Women III; Cooking 2
by Phil Bartle, PhD
Continued from Page One
When a husband and wife live in separate households (duolocally) in the same town (which is common when they go to their home town for funerals, or when a man has more than one wife), then you can see the pattern of children going from Mom's house to Dad's house, carrying supper. This is discussed in the paper, Covert Gynocracy. Husbands and wives may live together when away from the home town, but each go to their separate matrilineage homes to sleep when in the home town. This brings about the classical picture of children going from mama's house to papa's house each evening carrying a meal. If it is the wife's turn to stay with the husband (perhaps he has more than one wife), then she will prepare food at her house and take it over to him for the evening.
To Husband's House for the Night
Men tend to eat with other men, while women usually eat with each other and children.
Women often eat with each other and with children
Men tend to eat with men
Raw and Cooked
The Akan prefer their meals to be cooked. The idea of eating a salad with a meal is considered to be deviant behaviour. Only animals, not humans, would eat raw meals. Desserts to end meals are unknown. During the day, apart from meal times, raw fresh fruit is eaten, most popularly oranges and bananas which are often sold where travellers change vehicles, ie lorry parks. Pineapple, "apple" (sour sap), "pear" (avocado), and various tropical fruits and berries are also eaten other than at meal times.
In lorry parks, other between meal travelling snacks are often sold, these include boiled eggs, tea bread or sugar bread. Different European influences meant different vernacular names for bread, which is not an indigenous food. At Cape Coast, bread is "pannu" while in Kwawu, because the German Swiss influence, it is called "bodo."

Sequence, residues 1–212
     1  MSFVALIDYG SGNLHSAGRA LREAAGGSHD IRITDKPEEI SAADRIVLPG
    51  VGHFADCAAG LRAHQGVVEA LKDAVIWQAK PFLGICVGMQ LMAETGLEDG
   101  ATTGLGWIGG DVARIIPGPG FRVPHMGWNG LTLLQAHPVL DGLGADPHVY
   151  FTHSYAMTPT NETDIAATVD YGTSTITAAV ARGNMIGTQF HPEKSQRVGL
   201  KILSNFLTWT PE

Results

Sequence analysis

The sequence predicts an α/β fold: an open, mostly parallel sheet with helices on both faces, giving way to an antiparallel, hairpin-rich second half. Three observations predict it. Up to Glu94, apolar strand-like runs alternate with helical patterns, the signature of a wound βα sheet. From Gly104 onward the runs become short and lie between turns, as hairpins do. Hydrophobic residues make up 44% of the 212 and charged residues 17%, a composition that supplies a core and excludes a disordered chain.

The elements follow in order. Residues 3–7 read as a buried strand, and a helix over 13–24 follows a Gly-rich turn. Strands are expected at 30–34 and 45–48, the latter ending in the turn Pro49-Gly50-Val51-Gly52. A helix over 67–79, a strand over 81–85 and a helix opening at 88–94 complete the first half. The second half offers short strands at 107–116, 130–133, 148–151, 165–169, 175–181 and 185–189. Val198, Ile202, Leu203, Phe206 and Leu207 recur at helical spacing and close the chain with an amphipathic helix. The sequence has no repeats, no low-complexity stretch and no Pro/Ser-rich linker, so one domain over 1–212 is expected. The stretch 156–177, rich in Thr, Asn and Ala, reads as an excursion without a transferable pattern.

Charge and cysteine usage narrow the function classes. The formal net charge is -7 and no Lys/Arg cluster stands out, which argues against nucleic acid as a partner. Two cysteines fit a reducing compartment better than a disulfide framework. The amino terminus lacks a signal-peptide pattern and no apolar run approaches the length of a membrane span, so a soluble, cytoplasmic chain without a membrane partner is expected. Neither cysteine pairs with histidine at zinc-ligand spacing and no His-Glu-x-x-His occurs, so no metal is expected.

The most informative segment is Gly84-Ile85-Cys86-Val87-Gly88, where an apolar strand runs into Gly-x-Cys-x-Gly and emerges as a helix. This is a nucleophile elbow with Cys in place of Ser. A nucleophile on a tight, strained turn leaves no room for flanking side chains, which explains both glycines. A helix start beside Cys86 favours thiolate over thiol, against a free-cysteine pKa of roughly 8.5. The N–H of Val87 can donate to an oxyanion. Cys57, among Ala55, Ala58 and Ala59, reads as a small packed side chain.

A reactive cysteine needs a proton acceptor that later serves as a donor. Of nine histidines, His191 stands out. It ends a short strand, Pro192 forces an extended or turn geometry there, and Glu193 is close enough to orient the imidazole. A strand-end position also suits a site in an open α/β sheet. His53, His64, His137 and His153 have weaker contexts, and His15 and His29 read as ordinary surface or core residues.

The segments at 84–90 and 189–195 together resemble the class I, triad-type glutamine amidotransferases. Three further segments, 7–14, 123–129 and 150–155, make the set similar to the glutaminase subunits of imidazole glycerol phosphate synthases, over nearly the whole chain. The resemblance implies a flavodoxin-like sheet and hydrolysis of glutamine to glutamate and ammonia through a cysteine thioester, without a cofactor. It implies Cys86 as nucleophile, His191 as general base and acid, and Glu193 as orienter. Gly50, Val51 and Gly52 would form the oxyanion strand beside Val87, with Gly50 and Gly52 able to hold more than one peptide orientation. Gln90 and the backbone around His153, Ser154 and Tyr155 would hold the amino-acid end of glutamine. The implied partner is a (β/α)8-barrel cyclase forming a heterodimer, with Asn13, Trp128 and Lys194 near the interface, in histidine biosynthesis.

When someone leaves the village for a trek of several days, a common form of the good bye greeting is, "To bodo bre me," (Buy me bread). To say "good bye" is to "kra" someone, the same word as "kra" the destiny soul given to each person on the day s/he is born, when God will give the new born its "kra" gift of a destiny along with its first breath. See Three Souls.
In the morning, a common meal is a porridge made from one of several alternatives, rice, roasted cassava, sorghum and various flours and meals. A favourite breakfast, but a bit more costly, is dokonu (kenkey), made from steamed fermented corn meal, along with an uncooked sauce made of grinding tomatoes, chilli peppers and onions in an mpayewa. It is eaten with smoked or fried fish or with tinned sardines. I asked why the sauce was made of raw vegetables instead of being cooked and was told that the preparing of the the sauce in an mpayewa substituted for cooking and the hot sauce was not considered to be raw (hot picante or spicy, not hot caliente or by temperature).
Gari is made by grinding then roasting cassava. Often it is boiled and squeezed before roasting to remove the cyanide poison that is in the centre string of some varieties of cassava. It is jokingly called "bachelor food," because to prepare it one simply pours a bit of boiled water over it. It can be eaten like that or a bit of stew, most popularly beans and oil, may be added.
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